Wednesday, January 18, 2006

Loony

Marisa posted about breaking up with her best friend. That's a subject near to me, I tell you what. My real life friends glaze over if I get on the topic of the platonic breakup. Yes, I say the same things over and over. I must sound like a whining, broken record. I don't understand, it came out of nowhere, why'd she have to make it ugly, we could have just grown apart. It's a stupid story, in the end. We met in college--she was part of the small circle of friends I managed to cling to, socially awkward and shy as I am. She was a year older and knew a lot about music and drugs and that stuff while I was a babe in arms, seriously underinformed. I thought we were such good friends. I thought I would have done anything for her. She was ill with some undiagnosed mystery illness, and I worried constantly. If it had been a matter of bone marrow or something like that I would have been first in line to donate. Then she stopped calling, stopped taking my calls, turned down all invitations, sometimes rudely. I figured she was just busy or she found me boring. Then, out of the clear blue, an email accusing me of being a bad friend. Never visiting. Never calling. Never caring about her health. I was so wounded. It hurt for a long time. I went back and forth between feeling like a horrible friend and feeling like she was the world's biggest asshole. It was SHE who had been ignoring ME, right?

Now, years later, I realize that from her perspective, I was a bad friend, and from mine, she was too. There's really no way to fix that that I could see. As time passed, I remembered more and more times where she had demanded attention, loyalty, agreement in a not-friendly way. She was just kind of like that. It was great when I was a young stupid college student, looking for guidance from older, wiser heads. It kind of sucked when I got smarter and older myself and she would shake her head wearily at my ideas. From her point of view: I would call to invite her to a party, or out to dinner, never just to talk. I never showed up at her house unexpectedly.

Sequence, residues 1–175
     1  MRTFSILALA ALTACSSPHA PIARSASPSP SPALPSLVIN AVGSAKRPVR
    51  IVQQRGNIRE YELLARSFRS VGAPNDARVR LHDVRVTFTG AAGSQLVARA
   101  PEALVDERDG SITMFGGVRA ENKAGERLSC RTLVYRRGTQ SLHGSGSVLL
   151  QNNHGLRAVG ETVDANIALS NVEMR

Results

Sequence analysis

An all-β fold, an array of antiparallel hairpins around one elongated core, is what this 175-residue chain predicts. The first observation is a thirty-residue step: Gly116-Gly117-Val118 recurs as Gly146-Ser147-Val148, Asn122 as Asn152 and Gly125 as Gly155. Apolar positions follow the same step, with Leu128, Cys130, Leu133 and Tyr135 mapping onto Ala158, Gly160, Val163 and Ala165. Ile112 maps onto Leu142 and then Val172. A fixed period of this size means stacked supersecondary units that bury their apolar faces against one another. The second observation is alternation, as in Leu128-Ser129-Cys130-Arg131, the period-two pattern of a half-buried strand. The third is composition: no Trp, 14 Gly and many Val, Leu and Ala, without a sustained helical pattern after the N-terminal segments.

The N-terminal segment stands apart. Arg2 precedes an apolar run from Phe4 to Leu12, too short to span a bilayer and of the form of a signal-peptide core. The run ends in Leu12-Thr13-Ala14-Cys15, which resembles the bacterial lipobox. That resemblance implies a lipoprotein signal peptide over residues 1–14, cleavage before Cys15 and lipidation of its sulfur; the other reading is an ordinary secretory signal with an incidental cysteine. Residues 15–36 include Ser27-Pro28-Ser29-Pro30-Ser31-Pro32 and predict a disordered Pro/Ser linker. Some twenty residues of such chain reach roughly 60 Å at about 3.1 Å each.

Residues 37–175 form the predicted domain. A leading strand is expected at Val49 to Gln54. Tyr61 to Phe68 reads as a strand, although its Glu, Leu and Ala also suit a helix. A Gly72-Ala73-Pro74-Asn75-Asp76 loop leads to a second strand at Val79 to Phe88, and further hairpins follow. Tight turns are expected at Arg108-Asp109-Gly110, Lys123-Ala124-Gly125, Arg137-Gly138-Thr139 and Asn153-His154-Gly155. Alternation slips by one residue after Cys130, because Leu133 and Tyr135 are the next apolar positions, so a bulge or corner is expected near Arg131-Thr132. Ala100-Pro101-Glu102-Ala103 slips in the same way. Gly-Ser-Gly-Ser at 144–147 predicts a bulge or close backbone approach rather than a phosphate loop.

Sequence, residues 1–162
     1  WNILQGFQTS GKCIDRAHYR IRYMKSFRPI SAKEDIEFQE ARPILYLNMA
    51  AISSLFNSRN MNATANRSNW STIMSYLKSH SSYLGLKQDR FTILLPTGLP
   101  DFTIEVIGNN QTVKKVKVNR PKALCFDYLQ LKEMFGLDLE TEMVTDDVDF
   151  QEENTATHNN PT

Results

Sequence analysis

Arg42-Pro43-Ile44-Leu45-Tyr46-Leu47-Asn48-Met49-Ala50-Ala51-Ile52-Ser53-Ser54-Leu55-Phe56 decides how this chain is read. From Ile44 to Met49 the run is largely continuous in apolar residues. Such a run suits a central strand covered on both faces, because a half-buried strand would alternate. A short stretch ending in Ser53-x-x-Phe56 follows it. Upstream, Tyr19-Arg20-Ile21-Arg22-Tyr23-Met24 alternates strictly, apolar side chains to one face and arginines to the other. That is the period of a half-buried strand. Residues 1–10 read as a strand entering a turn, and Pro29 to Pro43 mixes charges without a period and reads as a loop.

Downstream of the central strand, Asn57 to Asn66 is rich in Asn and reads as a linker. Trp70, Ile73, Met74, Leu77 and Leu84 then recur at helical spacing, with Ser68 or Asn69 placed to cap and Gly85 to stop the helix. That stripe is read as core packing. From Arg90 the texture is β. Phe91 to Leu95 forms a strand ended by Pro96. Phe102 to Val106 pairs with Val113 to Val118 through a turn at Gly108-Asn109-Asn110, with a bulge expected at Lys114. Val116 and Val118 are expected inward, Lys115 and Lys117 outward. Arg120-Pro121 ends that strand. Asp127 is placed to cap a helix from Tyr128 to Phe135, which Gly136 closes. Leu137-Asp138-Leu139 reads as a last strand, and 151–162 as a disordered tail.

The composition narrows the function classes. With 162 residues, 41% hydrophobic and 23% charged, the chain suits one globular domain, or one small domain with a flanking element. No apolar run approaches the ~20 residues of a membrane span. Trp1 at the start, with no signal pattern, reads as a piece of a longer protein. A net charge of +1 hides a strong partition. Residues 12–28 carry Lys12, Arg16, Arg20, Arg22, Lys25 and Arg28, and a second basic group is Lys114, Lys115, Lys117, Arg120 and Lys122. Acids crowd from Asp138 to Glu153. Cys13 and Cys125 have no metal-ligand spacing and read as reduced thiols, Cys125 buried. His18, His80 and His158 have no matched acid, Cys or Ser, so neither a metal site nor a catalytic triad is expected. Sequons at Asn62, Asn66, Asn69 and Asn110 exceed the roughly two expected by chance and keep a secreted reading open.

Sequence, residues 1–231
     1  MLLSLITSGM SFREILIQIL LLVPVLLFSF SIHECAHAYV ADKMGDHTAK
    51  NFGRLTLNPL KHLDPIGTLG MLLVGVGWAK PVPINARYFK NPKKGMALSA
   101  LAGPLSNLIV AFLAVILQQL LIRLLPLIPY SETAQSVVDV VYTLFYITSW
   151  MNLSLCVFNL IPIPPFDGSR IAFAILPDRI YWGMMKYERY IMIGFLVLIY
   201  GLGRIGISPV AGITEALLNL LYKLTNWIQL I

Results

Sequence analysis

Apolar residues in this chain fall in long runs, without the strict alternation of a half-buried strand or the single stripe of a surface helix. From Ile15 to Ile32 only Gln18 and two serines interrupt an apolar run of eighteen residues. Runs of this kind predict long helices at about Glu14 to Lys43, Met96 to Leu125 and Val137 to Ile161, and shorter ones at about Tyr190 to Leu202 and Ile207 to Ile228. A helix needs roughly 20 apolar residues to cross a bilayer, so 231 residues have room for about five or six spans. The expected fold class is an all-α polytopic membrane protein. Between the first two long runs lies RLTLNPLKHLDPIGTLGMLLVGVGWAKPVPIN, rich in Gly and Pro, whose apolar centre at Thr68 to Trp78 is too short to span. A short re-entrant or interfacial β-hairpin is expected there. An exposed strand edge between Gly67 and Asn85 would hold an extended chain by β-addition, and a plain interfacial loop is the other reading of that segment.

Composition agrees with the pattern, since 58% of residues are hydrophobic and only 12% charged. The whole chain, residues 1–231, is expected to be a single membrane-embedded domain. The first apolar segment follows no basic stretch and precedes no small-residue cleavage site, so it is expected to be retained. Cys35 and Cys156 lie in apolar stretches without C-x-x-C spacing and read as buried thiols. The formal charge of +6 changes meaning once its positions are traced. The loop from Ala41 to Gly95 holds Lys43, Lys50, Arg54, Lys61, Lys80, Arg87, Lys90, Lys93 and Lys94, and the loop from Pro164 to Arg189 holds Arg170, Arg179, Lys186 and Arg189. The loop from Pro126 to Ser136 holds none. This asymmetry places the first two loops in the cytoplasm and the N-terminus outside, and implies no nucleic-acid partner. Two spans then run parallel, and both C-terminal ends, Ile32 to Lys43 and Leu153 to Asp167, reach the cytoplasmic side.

Sometimes I see her in the subway and I hide or walk the other way. I think she must be doing the same thing. If I find an artifact of our friendship somewhere in the house--a photo, something she gave me, a damn mix tape--I swing between wanting to burn it, destroy it, and wanting to keep it safe forever. In that way, it's probably a lot like a romantic breakup. But with a romantic breakup, maybe you can at least feel like it happened because you wanted different things. But with a just-friend? That kind of friendship is supposed to be free of demands like that. There aren't expectations or destinations. You're supposed to just BE friends. Maybe if you have a big fight or disagreement about something, it makes sense to part ways.

I do think I got something from all those years when we were good friends. So there is that.

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